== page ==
From Cesar and Grace Cubas Serving in Peru with South America Mission and Hosts of a Recent WBC GO Team

Tradesmen from our WBC GO Team built stairs for the new church sanctuary in Puerto Supe, Peru, where our missionaries Cesar and Grace Cubas serve.

Tradesmen from our WBC GO Team built stairs for the new church sanctuary in Puerto Supe, Peru, where our missionaries Cesar and Grace Cubas serve.

Several months ago, God sent us a versatile team of skilled craftsmen from Wheaton Bible Church. We so appreciate their flexibility, humor, and humility. Their main project was to build the stairs in our new church sanctuary. They could easily have been frustrated when the wood didn’t arrive until the week was half over. But it wasn’t a waste of their time or expertise, as God knew what He was doing.

Instead of griping, these dedicated tradesmen made friends with the teens in the small town of Puerto Supe, played with the kids, provided plenty of English practice, and built a game of bags. Once the wood for the stairs arrived, they worked round the clock until 3:00 in the morning of the day they left, determined to finish the project. Not only are the stairs a testimony to their expertise, but also, their new relationships remind our small community of God’s love and how much fun it can be to follow Jesus regardless of our culture.

Meanwhile, Peruvian women in our Sewing School spent the entire week learning from a master quilter, CJ Spensley and translator Liz Salgado, also from Wheaton Bible Church. Each student worked on a simple nine-patch design and ended up with a beautiful quilt and a variety of new sewing skills. These skills are particularly significant because soon these sewers will start making “patchwork bags” for a textile factory in Lima. This microfinance effort will provide supplemental income for their economically challenged families. Thank you, Wheaton Bible Church, for leaving your mark, for your investment in our lives, and for your servant hearts. We hope you return!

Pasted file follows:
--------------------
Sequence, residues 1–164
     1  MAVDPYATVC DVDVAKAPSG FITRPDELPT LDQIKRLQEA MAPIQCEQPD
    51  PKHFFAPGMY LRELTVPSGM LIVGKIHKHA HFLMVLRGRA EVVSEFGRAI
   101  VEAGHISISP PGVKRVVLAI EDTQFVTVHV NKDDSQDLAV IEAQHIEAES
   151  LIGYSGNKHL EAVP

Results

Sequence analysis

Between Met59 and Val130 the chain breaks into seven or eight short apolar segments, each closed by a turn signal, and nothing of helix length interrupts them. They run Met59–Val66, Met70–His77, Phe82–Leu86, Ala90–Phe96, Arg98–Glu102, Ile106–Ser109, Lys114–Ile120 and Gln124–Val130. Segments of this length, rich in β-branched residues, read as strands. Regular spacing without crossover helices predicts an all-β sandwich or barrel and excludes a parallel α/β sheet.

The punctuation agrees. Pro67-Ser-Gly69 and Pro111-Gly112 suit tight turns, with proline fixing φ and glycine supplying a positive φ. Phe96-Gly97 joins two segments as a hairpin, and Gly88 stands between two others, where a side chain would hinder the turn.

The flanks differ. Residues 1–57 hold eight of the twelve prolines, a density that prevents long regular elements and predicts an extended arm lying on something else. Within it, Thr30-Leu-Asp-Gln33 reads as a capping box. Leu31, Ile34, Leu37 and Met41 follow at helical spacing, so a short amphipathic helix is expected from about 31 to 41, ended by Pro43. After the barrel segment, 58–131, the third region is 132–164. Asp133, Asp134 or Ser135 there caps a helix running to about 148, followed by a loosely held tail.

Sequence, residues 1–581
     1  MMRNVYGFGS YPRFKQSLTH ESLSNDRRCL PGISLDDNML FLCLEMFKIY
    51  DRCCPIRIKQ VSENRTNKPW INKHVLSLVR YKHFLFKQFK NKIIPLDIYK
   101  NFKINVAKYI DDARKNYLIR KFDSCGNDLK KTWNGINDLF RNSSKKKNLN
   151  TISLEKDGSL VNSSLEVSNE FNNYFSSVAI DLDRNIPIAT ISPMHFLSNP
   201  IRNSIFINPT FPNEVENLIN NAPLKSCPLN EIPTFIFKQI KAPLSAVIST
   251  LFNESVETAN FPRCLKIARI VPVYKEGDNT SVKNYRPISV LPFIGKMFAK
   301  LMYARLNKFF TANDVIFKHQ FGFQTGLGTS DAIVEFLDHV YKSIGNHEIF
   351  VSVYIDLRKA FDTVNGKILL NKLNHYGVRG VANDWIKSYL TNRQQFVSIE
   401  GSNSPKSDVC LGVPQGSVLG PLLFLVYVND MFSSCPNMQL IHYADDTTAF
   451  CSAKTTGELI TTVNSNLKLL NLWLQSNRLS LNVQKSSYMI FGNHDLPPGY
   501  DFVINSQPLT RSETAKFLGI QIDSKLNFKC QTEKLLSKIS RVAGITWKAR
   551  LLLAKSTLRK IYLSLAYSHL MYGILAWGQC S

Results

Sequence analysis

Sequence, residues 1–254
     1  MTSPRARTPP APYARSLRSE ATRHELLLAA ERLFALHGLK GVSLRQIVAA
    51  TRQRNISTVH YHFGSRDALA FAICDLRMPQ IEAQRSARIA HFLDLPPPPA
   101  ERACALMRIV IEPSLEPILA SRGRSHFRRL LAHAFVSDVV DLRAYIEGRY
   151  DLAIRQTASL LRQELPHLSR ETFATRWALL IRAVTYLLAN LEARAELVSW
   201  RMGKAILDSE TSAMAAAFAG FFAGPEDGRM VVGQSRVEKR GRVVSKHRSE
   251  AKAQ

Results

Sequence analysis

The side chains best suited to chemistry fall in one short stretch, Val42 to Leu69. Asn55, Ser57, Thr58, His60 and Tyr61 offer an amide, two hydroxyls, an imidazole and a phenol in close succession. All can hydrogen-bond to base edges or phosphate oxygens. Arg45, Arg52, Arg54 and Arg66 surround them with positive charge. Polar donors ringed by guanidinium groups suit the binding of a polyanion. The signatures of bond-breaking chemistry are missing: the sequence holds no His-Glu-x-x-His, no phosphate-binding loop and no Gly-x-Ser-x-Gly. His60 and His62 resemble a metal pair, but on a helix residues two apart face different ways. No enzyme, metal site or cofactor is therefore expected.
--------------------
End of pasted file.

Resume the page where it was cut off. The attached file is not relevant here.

From Kent and Yuko Muhling Serving in Japan with Asian Access

Yuko and Kent Muhling, with their children Joshua, Caleb, and Sophie

Yuko and Kent Muhling, with their children Joshua, Caleb, and Sophie

Furisuku—short for Furisukuru—is Japanese English for “Free School,” the name of the Thursday-night language exchange class I (Kent) have been attending for the past six months. Around thirty to forty people show up each week, both Japanese nationals and English-speaking foreigners. Each time, we pair up with someone different, then spend the first hour speaking in English, and the second hour in Japanese, so each can practice the other’s language. Over half of those who come are university students, and this has been a great way to build relationships.

Most of the young people I’ve met are fairly open-minded and curious; nearly every week I end up having some sort of deep conversation about spiritual things with a new person, sharing my testimony or why I came to Japan as a missionary, or explaining something from the Bible. Very cool! Seeds are being planted, relationships are being built, and slowly I’ve been able to invite some to our church-planting events or to meet my family at home. Pray that God would continue to open the hearts of the people I’m meeting at the language-exchange class, and that through me, they will get to know others in our believing community and, ultimately, come to know Christ for themselves.

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This entry was posted on June 15, 2014 by in Missionaries, Summer 2014 and tagged , , , , , , .